By Aaron Burns
The statistics don’t show it, but Danica Patrick’s third season in the NASCAR Sprint Cup Series was easily her best.
Eight races into the campaign, Patrick was in contention for a Chase for the Sprint Cup berth. The 33-year-old native of Roscoe, Ill., had two top-10 finishes, was 13th in points and appeared ready to take the next step toward Victory Lane.
But as has often been the case since Patrick left Indy car racing for NASCAR in 2012, things quickly came unglued.
Patrick proved her short-track prowess by finishing seventh at Martinsville (Va.) Speedway in March and ninth at Bristol (Tenn.) Motor Speedway in April before everything fell apart.
Patrick’s hopes of a Chase spot ultimately went unrealized and she tumbled to 27th in points by November.
The culprit: Only one top-15 finish in a 25-race stretch after her top-10 showing at Bristol. Patrick’s struggles culminated with a 40th-place result on Nov. 1 at Martinsville, and a 25-point penalty for tangling with David Gilliland multiple times during the race.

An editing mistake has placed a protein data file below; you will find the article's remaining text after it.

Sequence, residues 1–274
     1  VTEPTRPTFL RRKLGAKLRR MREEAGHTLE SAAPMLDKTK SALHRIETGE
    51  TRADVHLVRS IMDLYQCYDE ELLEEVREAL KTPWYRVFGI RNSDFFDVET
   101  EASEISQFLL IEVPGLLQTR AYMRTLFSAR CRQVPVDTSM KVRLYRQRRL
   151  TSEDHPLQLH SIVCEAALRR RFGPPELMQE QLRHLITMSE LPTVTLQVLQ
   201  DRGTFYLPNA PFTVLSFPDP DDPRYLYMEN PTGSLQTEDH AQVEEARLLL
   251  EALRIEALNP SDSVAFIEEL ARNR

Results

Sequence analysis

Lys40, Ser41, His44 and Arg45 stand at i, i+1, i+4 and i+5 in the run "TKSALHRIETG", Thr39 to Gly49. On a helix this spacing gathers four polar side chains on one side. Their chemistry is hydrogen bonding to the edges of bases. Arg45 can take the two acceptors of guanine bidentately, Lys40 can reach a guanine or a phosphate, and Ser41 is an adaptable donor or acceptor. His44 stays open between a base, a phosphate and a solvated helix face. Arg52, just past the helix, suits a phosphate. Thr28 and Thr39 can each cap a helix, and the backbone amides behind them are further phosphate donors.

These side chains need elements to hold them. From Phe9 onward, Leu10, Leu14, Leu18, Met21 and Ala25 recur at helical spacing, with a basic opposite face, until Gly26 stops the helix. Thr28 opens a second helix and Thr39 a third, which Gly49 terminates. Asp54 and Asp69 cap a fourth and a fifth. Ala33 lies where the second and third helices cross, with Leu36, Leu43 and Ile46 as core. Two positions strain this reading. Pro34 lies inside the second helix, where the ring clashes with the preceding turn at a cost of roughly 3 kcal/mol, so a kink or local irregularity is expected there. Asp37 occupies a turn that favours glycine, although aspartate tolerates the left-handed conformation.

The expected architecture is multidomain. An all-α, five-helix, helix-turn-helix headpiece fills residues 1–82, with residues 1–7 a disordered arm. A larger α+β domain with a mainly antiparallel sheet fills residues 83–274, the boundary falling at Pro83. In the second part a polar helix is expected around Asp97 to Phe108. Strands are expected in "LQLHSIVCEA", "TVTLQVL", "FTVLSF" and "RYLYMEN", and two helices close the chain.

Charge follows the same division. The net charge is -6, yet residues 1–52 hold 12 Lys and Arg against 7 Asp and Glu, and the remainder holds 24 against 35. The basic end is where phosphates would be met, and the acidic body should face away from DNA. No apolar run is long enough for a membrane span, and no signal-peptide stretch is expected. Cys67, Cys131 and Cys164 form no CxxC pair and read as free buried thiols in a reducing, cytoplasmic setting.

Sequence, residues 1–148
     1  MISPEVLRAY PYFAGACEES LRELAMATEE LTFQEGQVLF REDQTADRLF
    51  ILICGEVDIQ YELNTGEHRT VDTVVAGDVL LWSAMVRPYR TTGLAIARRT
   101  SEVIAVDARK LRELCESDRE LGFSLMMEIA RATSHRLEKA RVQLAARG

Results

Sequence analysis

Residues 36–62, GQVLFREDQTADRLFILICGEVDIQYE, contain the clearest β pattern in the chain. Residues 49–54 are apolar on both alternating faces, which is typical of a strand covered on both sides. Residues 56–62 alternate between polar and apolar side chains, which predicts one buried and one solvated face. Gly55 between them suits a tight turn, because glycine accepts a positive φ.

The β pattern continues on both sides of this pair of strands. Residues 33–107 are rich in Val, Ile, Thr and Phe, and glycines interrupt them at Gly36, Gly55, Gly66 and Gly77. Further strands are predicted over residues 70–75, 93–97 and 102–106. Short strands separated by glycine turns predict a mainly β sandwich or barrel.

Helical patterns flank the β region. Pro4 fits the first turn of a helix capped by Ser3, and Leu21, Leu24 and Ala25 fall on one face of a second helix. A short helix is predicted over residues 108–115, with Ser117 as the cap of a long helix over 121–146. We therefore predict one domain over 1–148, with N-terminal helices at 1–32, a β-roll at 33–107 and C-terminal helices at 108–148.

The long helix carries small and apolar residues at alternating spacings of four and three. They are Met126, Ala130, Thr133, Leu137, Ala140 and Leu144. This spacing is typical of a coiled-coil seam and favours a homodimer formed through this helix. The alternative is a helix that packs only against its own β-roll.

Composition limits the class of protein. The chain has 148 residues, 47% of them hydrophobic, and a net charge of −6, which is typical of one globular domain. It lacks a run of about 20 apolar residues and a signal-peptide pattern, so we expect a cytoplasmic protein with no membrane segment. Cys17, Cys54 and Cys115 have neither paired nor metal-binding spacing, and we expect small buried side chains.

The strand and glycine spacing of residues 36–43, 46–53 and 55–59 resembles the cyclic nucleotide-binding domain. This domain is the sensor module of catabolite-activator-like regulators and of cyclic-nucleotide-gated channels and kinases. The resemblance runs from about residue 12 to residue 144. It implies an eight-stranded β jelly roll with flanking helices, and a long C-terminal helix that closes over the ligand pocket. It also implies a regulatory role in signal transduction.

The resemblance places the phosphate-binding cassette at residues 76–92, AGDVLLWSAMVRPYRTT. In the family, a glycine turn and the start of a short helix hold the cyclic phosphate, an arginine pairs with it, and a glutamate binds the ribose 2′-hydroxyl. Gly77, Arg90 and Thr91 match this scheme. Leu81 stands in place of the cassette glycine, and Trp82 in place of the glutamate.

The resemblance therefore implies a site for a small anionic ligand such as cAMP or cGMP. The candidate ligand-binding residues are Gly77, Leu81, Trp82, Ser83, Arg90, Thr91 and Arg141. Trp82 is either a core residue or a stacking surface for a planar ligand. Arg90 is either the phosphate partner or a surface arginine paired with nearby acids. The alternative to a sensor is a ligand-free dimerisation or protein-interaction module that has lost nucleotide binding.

She finished outside the top 20 in 16 of the season’s first 26 events, a deficit too considerable to overcome without winning at least once.
But Patrick still showed the sort of potential that motivated team owner Tony Stewart to bring her to full-time Sprint Cup Series racing in 2013. Patrick’s seven-year IndyCar career left her with considerable experience on road courses and intermediate tracks, so many expected her to be more of a contender on the larger ovals.
Short tracks, however, have become Patrick’s strong suit. The only problem: they comprise just one-sixth of the NASCAR Sprint Cup Series schedule. And the unpredictable nature of short tracks makes it difficult for any driver, let alone a relative newcomer, to count on turning around a season at Bristol, Martinsville or Richmond.
Patrick remains an integral part of Stewart-Haas Racing’s long-term plans. She signed a multi-year contract extension on Aug. 18 and hopes to stay at SHR for as long as possible.
“I really do feel like family here,” Patrick said. “I feel like there’s nowhere else I want to be. I’m fortunate in that I didn’t have to look anywhere else.”
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